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[icon] Patti
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Subject:On happiness
Time:01:06 am
The other day a coworker and I were walking through San Francisco on our mid-afternoon tea run. We passed a couple of guys on the street and one of them turned to me. "Hey, how about a dance? Just a little one?"

He took my hand, and we spun each other around a couple of times, then exchanged thank-yous and went our separate ways.

Last night when I tried to check into my hotel in Bakersfield, the clerk said, "I'm terribly sorry, but we're oversold tonight and we don't have a room. Would it be OK if we put you up in a different hotel?"

"I guess. Where?"

"Just across the street at the Clarion." I agreed. I'd already paid for the room, so it seemed like they were obligated to find me a place to stay.

She handed me a few chocolate chip cookies from their stash, and then picked up the phone to call them. A tiny part of me wanted to be cranky at her, but a much bigger part realized that it would be the wrong thing to do. It wasn't her fault that the hotel had overbooked itself. Being unpleasant to her wouldn't be fair to her, it wouldn't make me feel any better, and it would do nothing at all to improve the situation.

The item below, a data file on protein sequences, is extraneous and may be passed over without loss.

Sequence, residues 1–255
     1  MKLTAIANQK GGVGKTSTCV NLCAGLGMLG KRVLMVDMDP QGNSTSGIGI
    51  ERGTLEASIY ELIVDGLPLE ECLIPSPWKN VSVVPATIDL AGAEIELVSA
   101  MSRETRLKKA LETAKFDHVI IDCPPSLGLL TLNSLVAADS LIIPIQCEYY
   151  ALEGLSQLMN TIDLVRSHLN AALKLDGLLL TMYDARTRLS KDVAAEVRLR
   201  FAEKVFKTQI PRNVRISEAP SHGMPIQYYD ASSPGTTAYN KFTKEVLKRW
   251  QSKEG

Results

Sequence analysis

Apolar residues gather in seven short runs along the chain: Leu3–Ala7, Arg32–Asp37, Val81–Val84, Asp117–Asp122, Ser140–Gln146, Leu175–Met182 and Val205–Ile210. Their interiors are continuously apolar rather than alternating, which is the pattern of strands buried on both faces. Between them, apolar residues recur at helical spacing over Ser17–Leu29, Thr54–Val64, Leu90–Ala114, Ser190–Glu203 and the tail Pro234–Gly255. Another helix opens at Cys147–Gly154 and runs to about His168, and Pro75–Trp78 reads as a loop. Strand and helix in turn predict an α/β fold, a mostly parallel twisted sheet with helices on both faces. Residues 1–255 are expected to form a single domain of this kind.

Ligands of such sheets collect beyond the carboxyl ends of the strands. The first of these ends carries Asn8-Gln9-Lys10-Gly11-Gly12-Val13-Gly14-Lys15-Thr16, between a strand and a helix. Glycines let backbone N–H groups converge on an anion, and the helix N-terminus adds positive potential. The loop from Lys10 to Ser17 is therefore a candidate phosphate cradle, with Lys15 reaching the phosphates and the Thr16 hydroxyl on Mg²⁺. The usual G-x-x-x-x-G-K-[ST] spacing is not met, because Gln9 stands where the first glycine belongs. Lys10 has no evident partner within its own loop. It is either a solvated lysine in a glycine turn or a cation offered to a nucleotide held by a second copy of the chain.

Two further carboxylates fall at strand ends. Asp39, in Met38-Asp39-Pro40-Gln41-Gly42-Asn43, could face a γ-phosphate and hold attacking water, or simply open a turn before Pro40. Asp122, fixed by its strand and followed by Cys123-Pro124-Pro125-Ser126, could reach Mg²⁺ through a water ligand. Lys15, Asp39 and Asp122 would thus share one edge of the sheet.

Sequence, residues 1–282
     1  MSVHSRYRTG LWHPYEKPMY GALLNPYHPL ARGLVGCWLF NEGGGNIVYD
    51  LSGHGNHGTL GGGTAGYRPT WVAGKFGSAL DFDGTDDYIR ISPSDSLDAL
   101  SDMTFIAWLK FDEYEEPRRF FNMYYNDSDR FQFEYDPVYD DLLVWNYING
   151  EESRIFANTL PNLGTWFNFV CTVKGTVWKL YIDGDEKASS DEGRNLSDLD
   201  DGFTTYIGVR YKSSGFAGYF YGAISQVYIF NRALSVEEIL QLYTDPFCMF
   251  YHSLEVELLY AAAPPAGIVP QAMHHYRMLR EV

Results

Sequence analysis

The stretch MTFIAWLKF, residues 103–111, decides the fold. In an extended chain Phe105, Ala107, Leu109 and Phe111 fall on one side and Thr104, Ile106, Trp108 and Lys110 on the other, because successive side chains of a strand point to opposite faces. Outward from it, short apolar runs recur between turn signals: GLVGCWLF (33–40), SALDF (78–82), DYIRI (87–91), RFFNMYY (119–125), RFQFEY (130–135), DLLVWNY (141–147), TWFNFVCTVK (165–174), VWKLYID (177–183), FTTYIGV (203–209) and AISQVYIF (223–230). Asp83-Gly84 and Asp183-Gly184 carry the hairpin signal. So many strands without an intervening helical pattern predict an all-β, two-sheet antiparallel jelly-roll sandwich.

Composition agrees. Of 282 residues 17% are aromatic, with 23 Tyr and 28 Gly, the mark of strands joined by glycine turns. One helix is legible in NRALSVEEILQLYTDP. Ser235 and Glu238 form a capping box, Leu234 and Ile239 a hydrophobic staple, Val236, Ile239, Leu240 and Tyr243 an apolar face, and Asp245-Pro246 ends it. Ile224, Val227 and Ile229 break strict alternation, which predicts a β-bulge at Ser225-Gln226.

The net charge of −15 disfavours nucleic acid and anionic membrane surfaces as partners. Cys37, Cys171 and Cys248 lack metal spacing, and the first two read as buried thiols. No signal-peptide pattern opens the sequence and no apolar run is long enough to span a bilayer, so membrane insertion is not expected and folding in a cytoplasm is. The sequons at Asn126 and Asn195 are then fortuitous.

"I'm terribly sorry, but they're sold out too. Let me call a few other places." Oh dear, this could get interesting. I pulled out my phone and started looking at a map.

Another employee showed up and I asked him if there was big convention or something in Bakersfield. There was. In the meantime, she was not having much luck finding a room-- it seemed like everything was sold out. I decided that pleasant and cheerful needed to be in overdrive at this point, since I wanted her to be highly motivated to bust her butt for me.

"Hey, you can check Barstow if that works. It's on my route and I'm wide awake. I could drive another couple of hours." She called a sister property there, but it was sold out too. The poor girl was frantic now, and was calling every hotel in Bakersfield with no luck. Then she had an idea, and called a small place where she used to work. They had rooms, so she sent me over there.

As I was leaving, she thanked me. "This is the first time I've ever had to walk a customer out, and I had no idea what to expect. You could have been angry and abusive, but you were really nice about it."

"I could have been, and a lot of people would, but that wouldn't have been fun for either of us. I'm sorry you had to do that."

(an older story)